Is your business looking into System and Organization Controls (SOC) for Service Organizations? If you haven’t outsourced any services — like SaaS, cloud hosting, and payment processing—or you only recently launched your business, learning about SOC 2 audits may seem overwhelming.
Considering the importance of information security, especially as businesses increasingly outsource vital and highly specialized tasks, businesses must ensure that they consistently handle data securely. Application and network vulnerabilities leave organizations open to a variety of attacks that include data theft, ransomware, and malware installation. And mishandled data can cost enterprises a pretty penny.
Take a few moments to learn about how SOC 2 audits help you achieve and maintain compliance to protect your organization, clients, employees, and stakeholders.
SOC 2 Audit Guide
- Audit Types
- Report Features
- Auditing Preparation
Overview of SOC 2 Audit Terminology
It’s useful to first review some of the basic terminology about the various roles and reports involved in SOC 2 audits.
- User Organization – The organization, or entity, that has engaged a service organization and whose financial statements must be audited.
- User Auditor – The auditor, or auditing firm, engaged to report on the financial statements and internal controls of the user organization.
- Service Organization – The entity, or portion of an entity, engaged to provide services to a user organization and are part of the user organization’s information system.
- Service Auditor – The auditor who reports on controls of a service organization that are sometimes relevant to a user organization’s internal control, relating to an audit of financial services.
- Report on Controls Placed in Operation – The service auditor’s report on a service organization’s description of its controls.
- Report on Controls Placed in Operation and Tests of Operating Effectiveness – The service auditor’s report on a service organization’s description of its controls.
What Are SOC 2 Audits?
SOC 2 is a type of audit that ensures that your service organizations provide a safe operating environment where they are easily able to manage your sensitive data and protect the interests of your organization, as well as the privacy of your clients. The audit focuses on the internal controls that your organization has in place to govern the services of its clients.
The Purpose of SOC 2 Auditing
Service organizations have become increasingly invaluable to growing organizations for a range of vital services. Also referred to as the AICPA Guide Reporting on Controls at a Service Organization Relevant to Security, Availability, Processing Integrity, Confidentiality, or Privacy, the SOC 2 audit is used by companies which outsource services that have access to customer data.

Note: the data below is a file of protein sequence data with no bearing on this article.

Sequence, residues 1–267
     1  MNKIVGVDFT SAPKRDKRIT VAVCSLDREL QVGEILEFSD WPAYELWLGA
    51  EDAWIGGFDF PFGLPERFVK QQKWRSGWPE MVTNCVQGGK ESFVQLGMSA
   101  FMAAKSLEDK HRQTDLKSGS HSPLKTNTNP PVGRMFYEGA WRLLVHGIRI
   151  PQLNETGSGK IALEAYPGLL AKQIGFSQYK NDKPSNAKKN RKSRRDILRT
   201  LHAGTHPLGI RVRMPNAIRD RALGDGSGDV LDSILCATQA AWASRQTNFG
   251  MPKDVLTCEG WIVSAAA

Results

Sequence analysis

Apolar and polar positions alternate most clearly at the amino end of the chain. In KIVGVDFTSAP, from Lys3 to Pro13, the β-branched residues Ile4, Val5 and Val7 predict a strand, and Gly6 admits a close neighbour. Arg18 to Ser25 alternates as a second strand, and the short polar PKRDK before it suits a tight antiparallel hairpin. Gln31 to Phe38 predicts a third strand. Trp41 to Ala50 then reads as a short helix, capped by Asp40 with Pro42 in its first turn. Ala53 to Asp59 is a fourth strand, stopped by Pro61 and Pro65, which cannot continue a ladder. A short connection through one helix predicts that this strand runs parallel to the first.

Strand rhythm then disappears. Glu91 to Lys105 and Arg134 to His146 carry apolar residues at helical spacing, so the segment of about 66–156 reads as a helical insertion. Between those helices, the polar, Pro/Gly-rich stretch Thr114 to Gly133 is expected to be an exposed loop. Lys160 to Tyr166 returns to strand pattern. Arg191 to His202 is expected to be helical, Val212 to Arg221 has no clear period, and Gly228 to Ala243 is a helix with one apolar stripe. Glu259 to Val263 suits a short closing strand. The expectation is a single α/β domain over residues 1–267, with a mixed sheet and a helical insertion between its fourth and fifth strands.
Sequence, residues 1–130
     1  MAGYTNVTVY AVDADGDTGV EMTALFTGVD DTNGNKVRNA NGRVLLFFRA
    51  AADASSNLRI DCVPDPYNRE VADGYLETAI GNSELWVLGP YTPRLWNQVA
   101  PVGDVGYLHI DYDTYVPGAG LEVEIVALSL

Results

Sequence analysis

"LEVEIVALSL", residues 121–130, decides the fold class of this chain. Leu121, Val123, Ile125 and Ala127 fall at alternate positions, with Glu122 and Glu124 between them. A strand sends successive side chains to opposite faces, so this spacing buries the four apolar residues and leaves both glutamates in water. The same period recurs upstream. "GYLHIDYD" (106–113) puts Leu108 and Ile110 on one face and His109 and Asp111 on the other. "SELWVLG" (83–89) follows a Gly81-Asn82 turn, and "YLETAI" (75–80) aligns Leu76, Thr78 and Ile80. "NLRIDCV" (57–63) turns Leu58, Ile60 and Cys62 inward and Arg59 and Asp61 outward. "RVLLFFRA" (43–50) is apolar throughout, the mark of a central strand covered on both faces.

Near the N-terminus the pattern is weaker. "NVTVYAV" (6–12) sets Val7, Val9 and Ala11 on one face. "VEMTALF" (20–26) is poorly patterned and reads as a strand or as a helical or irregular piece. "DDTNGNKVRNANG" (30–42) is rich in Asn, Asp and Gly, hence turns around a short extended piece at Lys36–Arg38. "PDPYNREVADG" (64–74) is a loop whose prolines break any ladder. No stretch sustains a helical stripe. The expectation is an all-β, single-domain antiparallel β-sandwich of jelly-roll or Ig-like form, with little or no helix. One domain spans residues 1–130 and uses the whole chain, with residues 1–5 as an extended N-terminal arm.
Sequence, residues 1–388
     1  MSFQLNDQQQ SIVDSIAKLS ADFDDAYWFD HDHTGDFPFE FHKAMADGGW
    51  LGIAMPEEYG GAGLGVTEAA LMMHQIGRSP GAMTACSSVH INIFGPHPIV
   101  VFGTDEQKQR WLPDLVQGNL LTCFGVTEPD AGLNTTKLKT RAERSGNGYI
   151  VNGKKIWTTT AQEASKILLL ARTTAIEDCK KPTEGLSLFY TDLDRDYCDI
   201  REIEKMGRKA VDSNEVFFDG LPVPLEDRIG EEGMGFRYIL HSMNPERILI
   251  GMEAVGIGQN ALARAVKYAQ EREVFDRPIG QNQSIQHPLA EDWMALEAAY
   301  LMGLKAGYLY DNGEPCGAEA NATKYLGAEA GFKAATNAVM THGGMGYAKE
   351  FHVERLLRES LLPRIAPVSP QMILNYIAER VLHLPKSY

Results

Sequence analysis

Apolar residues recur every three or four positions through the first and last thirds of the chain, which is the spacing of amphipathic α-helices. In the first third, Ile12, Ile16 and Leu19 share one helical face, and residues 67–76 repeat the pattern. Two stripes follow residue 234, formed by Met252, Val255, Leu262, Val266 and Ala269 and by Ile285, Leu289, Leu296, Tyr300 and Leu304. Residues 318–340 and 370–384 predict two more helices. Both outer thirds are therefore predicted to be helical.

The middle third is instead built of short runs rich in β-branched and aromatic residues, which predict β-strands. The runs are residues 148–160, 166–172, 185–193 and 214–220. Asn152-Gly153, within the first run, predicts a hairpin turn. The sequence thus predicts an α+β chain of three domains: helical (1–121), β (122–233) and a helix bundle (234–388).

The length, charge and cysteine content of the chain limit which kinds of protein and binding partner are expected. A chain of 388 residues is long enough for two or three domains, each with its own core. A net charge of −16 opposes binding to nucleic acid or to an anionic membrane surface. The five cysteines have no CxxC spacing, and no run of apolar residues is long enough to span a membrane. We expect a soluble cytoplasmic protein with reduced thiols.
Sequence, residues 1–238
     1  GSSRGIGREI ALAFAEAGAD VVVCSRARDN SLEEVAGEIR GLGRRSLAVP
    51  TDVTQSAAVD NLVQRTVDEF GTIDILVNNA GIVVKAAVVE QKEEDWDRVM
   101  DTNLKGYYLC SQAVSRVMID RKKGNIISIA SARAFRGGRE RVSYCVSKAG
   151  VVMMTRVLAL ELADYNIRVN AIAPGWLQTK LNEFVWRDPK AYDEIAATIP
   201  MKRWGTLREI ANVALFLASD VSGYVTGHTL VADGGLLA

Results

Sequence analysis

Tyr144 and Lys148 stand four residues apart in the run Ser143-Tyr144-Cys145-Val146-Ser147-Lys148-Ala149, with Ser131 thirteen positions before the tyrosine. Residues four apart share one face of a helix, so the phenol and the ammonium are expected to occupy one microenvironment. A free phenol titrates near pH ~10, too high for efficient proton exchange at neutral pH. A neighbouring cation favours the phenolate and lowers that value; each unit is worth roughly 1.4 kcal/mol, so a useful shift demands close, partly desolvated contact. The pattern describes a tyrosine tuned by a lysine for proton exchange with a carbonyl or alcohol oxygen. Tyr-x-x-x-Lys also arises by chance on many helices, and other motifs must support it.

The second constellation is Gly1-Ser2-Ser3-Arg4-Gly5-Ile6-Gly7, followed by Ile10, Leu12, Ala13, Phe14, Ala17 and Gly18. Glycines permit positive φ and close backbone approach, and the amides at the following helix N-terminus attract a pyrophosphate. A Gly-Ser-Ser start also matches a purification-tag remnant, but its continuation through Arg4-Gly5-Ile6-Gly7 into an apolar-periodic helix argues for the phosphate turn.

SOC 2 guidelines were developed to ensure that customer data remains confidential, secure, private, and available for use when needed. Additionally, they provide assurance regarding complete, accurate, timely, and authorized system processing. Finally, and most importantly, the SOC 2 audit report is an attestation report verified by a trusted registered public accounting firm which a service organization can provide as proof of compliance to its user organizations.
Who Requires SOC 2 Audits?
A SOC 2 audit plays an important role in regulatory oversight, as well as internal risk management processes and corporate governance. It provides client companies assurance about the security of data which is outside of their facilities and to which their service organizations have access.
Any organization that needs detailed information and assurance about the controls at a service organization may request a SOC 2 audit. The primary types of companies that undergo a SOC 2 audit include those that provide services like data hosting, colocation, data processing, cloud storage, and Software-as-a-Service (SaaS).
These service providers must ensure that any data transmitted, stored, processed, and disposed of according to the SOC guidelines set by the AICPA. SOC 2 audits may be performed as part of a regular security program or if the user organization suspects there is a data security issue with one or more of the criteria at the service organization.
SOC 2 Framework – Trust Service Criteria
The SOC 2 auditing and reporting process is guided by a framework called the Trust Service Criteria. The TSC is built upon five criteria:
A business’s data and computing systems are fully protected against any unauthorized access, unauthorized and inappropriate disclosure of information, and any possible damage to systems that might compromise the processing integrity, availability, confidentiality or privacy of data or systems that may affect the entity’s ability to meet its objectives.
All information and computing systems are ready and available for operation at all times to meet the entity’s objectives.
All system processing is complete, accurate, valid, timely, and authorized to ensure that the entity meets its objectives.
Any information designated as confidential remains secure to meet the entity’s objectives.
All personal information collected, used, retained, stored, disclosed, or disposed of must meet the entity’s objectives.
These five essential criteria are modeled around four broad levels of requirements:
Each of these areas provides the key information that helps determine if a service organization meets the Trust Service Criteria. Although each SOC 2 report will be unique to each individual organization.
Like the SOC 1 audit, SOC 2 has two different types of reports.
SOC 2 Type I